Home care providers: Are you raising your fees soon? Read this first!

In the lead up to the July 2025 Support at Home commencement, Home Care providers looking to adjust prices for 2024-25 are reminded of the strict rules. Russell Kennedy Lawyers provide important insights when increasing service charges, package management or care management fees.

With the commencement of the Support at Home Program being deferred until 1 July 2025 many home care providers will be looking to adjust their prices for the 2024-25 financial year.

Providers are reminded that there are strict rules that must be followed when increasing their service charges, package management or care management fees. Providers will of course be aware of the fee caps which apply to care and package management fees. However just as importantly, providers cannot simply impose a price increase on consumers. Likewise, it is not enough to simply let consumers know of an impending increase by writing to them to give notice of this.

Under the legislation, namely the User Rights Principles, a provider can only vary the terms of their client agreement following adequate consultation and even then, only with the client’s consent. As such, if a fee adjustment is not clearly stipulated in the agreement, or the provider is looking to increase their service charges by more than the agreement allows, the provider must consult with the client and obtain their consent.

Providers looking to increase their prices, whether care or package management charges or service charges must either ensure that either:

  • The proposed increase is in line with a clear fee adjustment clause in their client agreement. Importantly, this clause should:

    – Outline a prescribed formula or amount such as CPI or a fixed percentage by which fees can be increased.

    – Include a clear trigger for the increase, be it a given date (eg 1 July) or the provider giving notice of the increase.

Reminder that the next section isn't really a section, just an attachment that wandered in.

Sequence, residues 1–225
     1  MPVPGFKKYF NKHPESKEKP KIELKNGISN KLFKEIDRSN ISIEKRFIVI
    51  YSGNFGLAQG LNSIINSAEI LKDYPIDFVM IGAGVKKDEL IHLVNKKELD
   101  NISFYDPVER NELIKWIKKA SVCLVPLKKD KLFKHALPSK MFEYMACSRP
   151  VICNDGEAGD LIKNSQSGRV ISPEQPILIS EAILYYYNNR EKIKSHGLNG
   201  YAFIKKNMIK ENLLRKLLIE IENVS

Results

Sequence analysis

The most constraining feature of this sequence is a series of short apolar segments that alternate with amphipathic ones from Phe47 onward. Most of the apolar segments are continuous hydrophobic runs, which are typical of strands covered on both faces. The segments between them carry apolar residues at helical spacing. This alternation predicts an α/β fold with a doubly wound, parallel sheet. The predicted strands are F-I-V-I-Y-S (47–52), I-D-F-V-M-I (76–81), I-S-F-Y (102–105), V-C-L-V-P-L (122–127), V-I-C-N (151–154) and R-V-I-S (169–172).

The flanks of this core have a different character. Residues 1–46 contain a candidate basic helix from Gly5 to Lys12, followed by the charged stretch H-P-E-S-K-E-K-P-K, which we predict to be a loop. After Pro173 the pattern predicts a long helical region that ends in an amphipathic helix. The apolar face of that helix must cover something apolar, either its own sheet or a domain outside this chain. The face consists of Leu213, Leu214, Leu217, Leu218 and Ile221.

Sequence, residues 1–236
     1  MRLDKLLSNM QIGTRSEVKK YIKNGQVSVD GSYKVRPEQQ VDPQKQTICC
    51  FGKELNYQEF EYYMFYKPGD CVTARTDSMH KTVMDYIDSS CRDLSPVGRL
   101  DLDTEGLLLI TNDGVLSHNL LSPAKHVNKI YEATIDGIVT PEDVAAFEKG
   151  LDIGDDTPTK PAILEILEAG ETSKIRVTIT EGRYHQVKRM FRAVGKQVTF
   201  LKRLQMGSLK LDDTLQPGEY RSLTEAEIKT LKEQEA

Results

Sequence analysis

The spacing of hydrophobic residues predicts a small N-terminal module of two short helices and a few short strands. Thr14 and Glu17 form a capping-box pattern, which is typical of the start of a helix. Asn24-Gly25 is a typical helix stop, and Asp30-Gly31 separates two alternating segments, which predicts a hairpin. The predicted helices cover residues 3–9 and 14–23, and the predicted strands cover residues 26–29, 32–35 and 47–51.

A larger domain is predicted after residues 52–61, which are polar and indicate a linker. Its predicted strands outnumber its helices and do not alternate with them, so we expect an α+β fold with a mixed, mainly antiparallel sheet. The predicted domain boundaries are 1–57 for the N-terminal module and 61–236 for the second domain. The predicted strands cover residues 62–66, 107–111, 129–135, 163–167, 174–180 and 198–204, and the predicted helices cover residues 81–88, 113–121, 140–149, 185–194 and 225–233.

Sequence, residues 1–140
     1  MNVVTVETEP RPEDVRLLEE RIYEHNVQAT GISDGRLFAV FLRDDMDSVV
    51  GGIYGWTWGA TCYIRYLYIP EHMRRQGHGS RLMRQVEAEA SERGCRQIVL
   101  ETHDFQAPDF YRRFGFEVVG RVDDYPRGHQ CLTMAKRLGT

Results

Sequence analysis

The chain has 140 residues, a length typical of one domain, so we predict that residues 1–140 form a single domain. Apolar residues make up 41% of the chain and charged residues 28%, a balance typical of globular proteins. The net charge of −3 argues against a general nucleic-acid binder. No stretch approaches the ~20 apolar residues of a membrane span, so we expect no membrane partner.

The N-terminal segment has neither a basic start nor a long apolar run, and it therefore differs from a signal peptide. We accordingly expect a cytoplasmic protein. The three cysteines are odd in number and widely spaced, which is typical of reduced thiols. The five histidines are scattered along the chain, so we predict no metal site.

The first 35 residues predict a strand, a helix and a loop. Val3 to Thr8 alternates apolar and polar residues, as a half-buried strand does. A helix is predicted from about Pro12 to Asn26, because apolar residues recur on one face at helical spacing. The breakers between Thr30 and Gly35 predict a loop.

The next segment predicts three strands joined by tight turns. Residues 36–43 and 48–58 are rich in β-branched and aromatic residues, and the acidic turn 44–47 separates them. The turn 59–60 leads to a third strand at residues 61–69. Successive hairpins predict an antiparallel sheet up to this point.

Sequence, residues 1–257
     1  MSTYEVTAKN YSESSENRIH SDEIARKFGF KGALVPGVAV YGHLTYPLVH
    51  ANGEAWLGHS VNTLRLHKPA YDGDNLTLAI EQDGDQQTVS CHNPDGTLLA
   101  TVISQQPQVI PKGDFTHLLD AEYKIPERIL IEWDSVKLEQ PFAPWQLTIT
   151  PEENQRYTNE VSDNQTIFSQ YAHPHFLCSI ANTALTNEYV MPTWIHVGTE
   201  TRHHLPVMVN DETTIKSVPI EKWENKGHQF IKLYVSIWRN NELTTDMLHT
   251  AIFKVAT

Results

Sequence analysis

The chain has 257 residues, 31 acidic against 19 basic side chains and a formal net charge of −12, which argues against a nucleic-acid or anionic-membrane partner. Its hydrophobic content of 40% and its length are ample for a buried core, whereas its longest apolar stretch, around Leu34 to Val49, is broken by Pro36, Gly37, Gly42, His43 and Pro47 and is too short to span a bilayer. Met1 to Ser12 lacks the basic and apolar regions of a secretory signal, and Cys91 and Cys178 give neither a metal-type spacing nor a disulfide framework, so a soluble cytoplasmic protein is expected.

Vague clauses such as “fees may be increased by giving 28 days’ notice” are unlikely to be sufficient.

  • They consult with the consumer and obtain their consent to the change. Importantly, a consumer’s consent will only be valid if the consumer is given a genuine choice as to whether they agree or not and it is not generally acceptable to terminate a consumer’s agreement because they don’t agree to an increase.

    – Russell Kennedy recommends that any consultation on fee increases be done by way of written communication as well as a conversation with the consumer to discuss the impact of the proposed fee increase on that specific consumer and their budget.

    – For example, the provider should send their consumers a copy of their proposed Pricing Schedule and then contact each consumer to discuss this and ensure they understand and accept it prior to applying the new prices.

    – Providers can be subject to consumer complaints and compliance action by the Aged Care Quality and Safety Commission if they do not comply with requirements set out above. Home care fees remain a key source of complaints and increasing fees is an area where providers can easily go wrong.

Article from: Home care providers: Are you raising your fees soon? Read this first! | Russell Kennedy Lawyers

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